FIG. 2 is a cross-sectional representation of the TWT delay structures of FIG. 1, taken along line A--A. Where the arrangement of FIG. 1 contains, for example, four delay structures, 20, 30, 51, and 52 arranged as shown in FIG. 2, additional beam-deflecting electrodes would be provided and aligned in the plane of and normal to electrodes 41 and 42 to permit deflection of beam 15 towards a selectable one of delay structures 51 and 52. In FIG. 2, delay structure 20 corresponds to the similarly identified delay structure in FIG. 1. Electron beam 15 is cross-sectionally depicted as a dot in this figure. Each of the delay structures 20, 30, 51, and 52 has an associated periodic magnet focusing system 23.

FIG. 3 is an alternative embodiment wherein the four delay structures of FIG. 2 share a common periodic magnetic structure 50. Again, as is the case in FIG. 2, electron beam 15 is cross-sectionally represented as a dot. It can be seen from reference to FIGS. 2 and 3 that the shared magnet arrangement of FIG. 3 yields a more compact overall physical arrangement. Such compactness, however, is compromised by increased precision of manufacture required to permit alignment of the electron beam within the individual delay structures.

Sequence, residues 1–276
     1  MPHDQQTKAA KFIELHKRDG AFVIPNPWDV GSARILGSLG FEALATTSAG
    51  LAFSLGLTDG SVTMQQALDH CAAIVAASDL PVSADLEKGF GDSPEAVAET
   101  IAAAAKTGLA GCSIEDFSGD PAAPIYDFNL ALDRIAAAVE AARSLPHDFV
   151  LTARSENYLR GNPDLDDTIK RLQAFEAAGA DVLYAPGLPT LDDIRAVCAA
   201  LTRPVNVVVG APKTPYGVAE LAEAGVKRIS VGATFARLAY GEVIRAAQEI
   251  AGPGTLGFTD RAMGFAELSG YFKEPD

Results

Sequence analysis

FIG. 4 schematically illustrates an embodiment of the invention wherein the delay line structures 20 and 30 are not parallel to one another, but extend radially from a point where electron beam 15 is deflected in a beam switch 60 by deflection coil 61. As is the case in the embodiment of FIG. 1, electron gun 10 generates electron beam 15 which is conducted to beam switch 60. In this embodiment of the invention, magnetic deflection coil 61 serves to switch the electron beam in similar fashion to beam deflecting electrodes 41 and 42 in beam switch 40 in FIG. 1. Beam switch 60 does not contain beam bending permanent magnet or beam bending electrodes analogous to the beam bending electrodes 43 and 44 in beam switch 40 since the beam is directed toward the center of the selected delay structure by deflection coil 61. It is therefore apparent that the radial arrangement of FIG. 4 simplifies the structure of the beam switch. It is to be noted, however, that the shared magnet concept of FIG. 3 cannot be applied to the non-parallel delay structures of the embodiment of FIG. 4. Thus, each of the delay structures 20 and 30 in FIG. 4 contain individual single or periodic focusing arrangements 23, as found in delay structures 20 and 30 of FIG. 2. It is additionally evident from FIG. 4 that the radially disposed delay structures are more widely separated at the outputs which in some spacecraft arrangements can result in a more convenient layout of waveguides connecting the traveling wave tube outputs 25 to the corresponding antenna ports.